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chapel not far from the sea-side. And when the king was there, he thought him well eased. Then heard they people cry in the field. And Sir Lucan went to see what that cry betokened ; and he saw by the moonlight that pillers and robbers were come to rob the dead. And he returned, and said to the king, “ By my rede, it is best that we bring you to some town." “I would it were so," said the king. And when the king tried to go, he fainted. Then Sir Lucan took up the king on the one part, and Sir Bedivere on the other part; and in the lifting, Sir Lucan fell in a swoon to the earth, for he was grievously wounded. And then the noble knight's heart burst. And when the king awoke, he beheld Sir Lucan how he lay foaming at the mouth, and speechless. “Alas !” said the king, “this is to me a full heavy sight, to see this noble duke so die for my sake ; for he would have holpen me that had more need of help than I, and he would not complain, his heart was so set to help me.” Then Sir Bedivere wept for his brother. “Leave this mourning and weeping,” said the king, “ for wit thou well, if I might live myself, the death of Sir Lucan would grieve me evermore; but my time hieth fast. Therefore," said Arthur unto Sir Bedivere, “ take thou Excalibar, my good sword, and go with it to yonder water-side; and when thou comest there, I charge thee throw my sword in that water, and come again and tell me what thou there seest." “ My lord,” said Sir Bedivere, “your command

ment shall be done.” So Sir Bedivere departed, and by the way he beheld that noble sword, that the pommel and the haft were all of precious stones; and then he said to himself, “ If I throw this rich sword into the water, no good shall come thereof, but only harm and loss." And then Sir Bedivere hid Excalibar under a tree. And so, as soon as he might, he came again unto the king. “What sawest thou there?” said the king. “Sir," he said, " I saw nothing. 66 Alas! thou hast deceived me,” said the king. “Go thou lightly again, and as thou love me, spare not to throw it in.” Then Sir Bedivere went again, and took the sword in his hand to throw it; but again it beseemed him but sin and shame to throw away that noble sword, and he hid it away again, and returned, and told the king he had done his commandment. 66 What sawest thou there?” said the king. “Sir," he said, “I saw nothing but waters deep and waves wan.” “Ah, traitor untrue!” said King Arthur, “now hast thou betrayed me twice. And yet thou art named a noble knight, and hast been lief and dear to me. But now go again, and do as I bid thee, for thy long tarrying putteth me in jeopardy of my life.” Then Sir Bedivere went to the sword, and lightly took it up, and went to the water-side, and he bound the girdle about the hilt, and then he threw the sword as far into the water as he might. And there came an arm and a hand out of the water, and met it, and caught it, and shook it thrice and brandished it, and then vanished away the hand with the sword in the water.

Then Sir Bedivere came again to the king, and told him what he saw. Help me hence,” said the king, “ for I fear I have tarried too long.” Then Sir Bedivere took the king on his back, and so went with him to that water-side ; and when they came there, even fast by the bank there rode a little barge with many fair ladies in it, and among them was a queen; and all had black hoods, and they wept and shrieked when they saw King Arthur.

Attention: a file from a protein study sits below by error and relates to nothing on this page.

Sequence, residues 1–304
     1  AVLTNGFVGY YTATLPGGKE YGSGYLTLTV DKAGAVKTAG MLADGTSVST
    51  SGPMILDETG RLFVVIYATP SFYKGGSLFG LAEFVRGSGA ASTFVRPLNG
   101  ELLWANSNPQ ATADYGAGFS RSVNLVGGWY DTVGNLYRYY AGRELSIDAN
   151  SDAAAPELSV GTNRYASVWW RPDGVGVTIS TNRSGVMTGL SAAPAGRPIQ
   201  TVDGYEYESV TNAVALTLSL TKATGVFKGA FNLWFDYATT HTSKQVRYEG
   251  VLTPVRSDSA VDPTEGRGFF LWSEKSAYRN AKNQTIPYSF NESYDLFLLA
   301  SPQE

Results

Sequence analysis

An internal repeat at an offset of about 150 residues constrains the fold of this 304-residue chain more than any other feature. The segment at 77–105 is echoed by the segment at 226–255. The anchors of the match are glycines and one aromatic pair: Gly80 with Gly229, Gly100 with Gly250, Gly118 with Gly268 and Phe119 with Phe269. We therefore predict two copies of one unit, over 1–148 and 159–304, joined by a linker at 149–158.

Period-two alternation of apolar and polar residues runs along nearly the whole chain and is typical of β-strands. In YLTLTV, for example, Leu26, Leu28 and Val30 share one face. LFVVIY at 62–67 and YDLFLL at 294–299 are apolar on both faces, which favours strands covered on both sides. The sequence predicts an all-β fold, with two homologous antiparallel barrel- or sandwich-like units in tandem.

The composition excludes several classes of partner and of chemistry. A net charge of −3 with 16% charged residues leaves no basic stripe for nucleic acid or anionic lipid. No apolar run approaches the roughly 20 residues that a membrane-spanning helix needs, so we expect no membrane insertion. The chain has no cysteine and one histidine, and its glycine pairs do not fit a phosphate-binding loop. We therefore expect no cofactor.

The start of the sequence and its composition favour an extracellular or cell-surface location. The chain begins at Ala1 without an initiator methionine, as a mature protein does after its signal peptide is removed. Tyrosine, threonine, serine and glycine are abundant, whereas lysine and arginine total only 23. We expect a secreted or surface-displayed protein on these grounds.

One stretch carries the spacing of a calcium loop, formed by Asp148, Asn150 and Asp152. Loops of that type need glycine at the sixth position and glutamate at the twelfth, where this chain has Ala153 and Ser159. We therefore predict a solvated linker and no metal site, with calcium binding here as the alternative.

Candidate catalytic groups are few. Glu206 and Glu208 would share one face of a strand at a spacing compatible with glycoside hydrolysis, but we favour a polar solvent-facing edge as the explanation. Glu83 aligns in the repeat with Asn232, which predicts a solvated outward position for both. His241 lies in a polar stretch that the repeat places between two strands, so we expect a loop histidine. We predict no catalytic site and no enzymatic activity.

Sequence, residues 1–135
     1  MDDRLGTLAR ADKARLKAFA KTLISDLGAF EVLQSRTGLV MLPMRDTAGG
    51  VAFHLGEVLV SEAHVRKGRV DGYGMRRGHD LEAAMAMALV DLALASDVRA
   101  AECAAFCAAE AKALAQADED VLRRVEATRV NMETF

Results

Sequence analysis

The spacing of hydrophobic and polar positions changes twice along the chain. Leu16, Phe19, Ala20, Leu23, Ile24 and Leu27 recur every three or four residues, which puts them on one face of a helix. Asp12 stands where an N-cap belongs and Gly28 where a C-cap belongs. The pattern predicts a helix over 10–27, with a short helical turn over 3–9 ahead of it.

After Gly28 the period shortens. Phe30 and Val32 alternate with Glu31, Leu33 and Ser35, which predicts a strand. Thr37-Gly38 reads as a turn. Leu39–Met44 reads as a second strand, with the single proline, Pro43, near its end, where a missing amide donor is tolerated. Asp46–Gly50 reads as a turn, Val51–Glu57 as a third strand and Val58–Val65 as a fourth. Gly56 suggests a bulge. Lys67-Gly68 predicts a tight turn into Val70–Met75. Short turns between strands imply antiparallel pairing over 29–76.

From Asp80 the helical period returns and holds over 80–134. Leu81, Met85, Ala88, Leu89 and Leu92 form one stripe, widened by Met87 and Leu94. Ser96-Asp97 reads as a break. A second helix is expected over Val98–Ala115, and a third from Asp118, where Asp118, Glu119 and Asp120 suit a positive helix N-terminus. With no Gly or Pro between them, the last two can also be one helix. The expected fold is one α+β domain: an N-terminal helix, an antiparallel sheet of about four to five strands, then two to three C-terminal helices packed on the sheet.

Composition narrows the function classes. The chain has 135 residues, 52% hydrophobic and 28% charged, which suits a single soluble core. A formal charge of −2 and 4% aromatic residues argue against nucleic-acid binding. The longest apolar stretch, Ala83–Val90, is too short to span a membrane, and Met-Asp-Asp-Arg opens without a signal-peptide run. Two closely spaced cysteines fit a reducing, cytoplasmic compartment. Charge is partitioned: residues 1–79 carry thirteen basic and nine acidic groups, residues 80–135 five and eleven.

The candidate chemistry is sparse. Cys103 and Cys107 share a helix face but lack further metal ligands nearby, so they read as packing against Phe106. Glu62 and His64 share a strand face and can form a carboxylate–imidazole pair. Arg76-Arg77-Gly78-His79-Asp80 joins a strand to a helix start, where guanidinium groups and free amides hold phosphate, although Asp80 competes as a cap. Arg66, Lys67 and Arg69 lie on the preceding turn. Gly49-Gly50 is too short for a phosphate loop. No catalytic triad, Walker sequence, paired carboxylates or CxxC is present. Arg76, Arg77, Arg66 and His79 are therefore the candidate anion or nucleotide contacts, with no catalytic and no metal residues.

“ Now put me in the barge,” said the king. And there received him three queens with great mourning, and in one of their laps King Arthur laid his head. And the queen said, “Ah, dear brother, why have ye tarried so long? Alas! this wound on your head hath caught overmuch cold.” And then they rowed from the land, and Sir Bedivere beheld them go from him. Then he cried : "Ah, my lord Arthur, will ye leave me here alone among mine enemies?“Comfort thyself,” said the king, “ for in me is no further help ; for I will to the Isle of Avalon, to heal me of my grievous wound.” And as soon as Sir Bedivere had lost sight of the barge, he wept and wailed; then he took the forest, and went all that night, and in the morning he was ware of a chapel and a hermitage.

Then went Sir Bedivere thither; and when he came into the chapel, he saw where lay an hermit on the ground, near a tomb that was newly graven.

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and then vanished away the hand with the sword in the water.

Then Sir Bedivere came again to the king, and told him what he saw. “Help me hence," said the king, “ for I fear I have tarried too long.” Then Sir Bedivere took the king on his back, and so went with him to that water-side ; and when they came there, even fast by the bank there rode a little barge with many fair ladies in it, and among them was a queen; and all had black hoods, and they wept and shrieked when they saw King Arthur.

“ Now put me in the barge,” said the king. And there received him three queens with great mourning, and in one of their laps King Arthur laid his head. And the queen said, “Ah, dear brother, why have ye tarried so long? Alas! this wound on your head hath caught overmuch cold.” And then they rowed from the land, and Sir Bedivere beheld them go from him. Then he cried : "Ah, my lord Arthur, will ye leave me here alone among mine ene

“ Comfort thyself,” said the king, “ for in me is no further help; for I will to the Isle of Avalon, to heal me of my grievous wound.” And as soon as Sir Bedivere had lost sight of the barge, he wept and wailed ; then he took the forest, and went all that night, and in the morning he was ware of a chapel and a hermitage.

Then went Sir Bedivere thither; and when he came into the chapel, he saw where lay an hermit on the ground, near a tomb that was newly graven.

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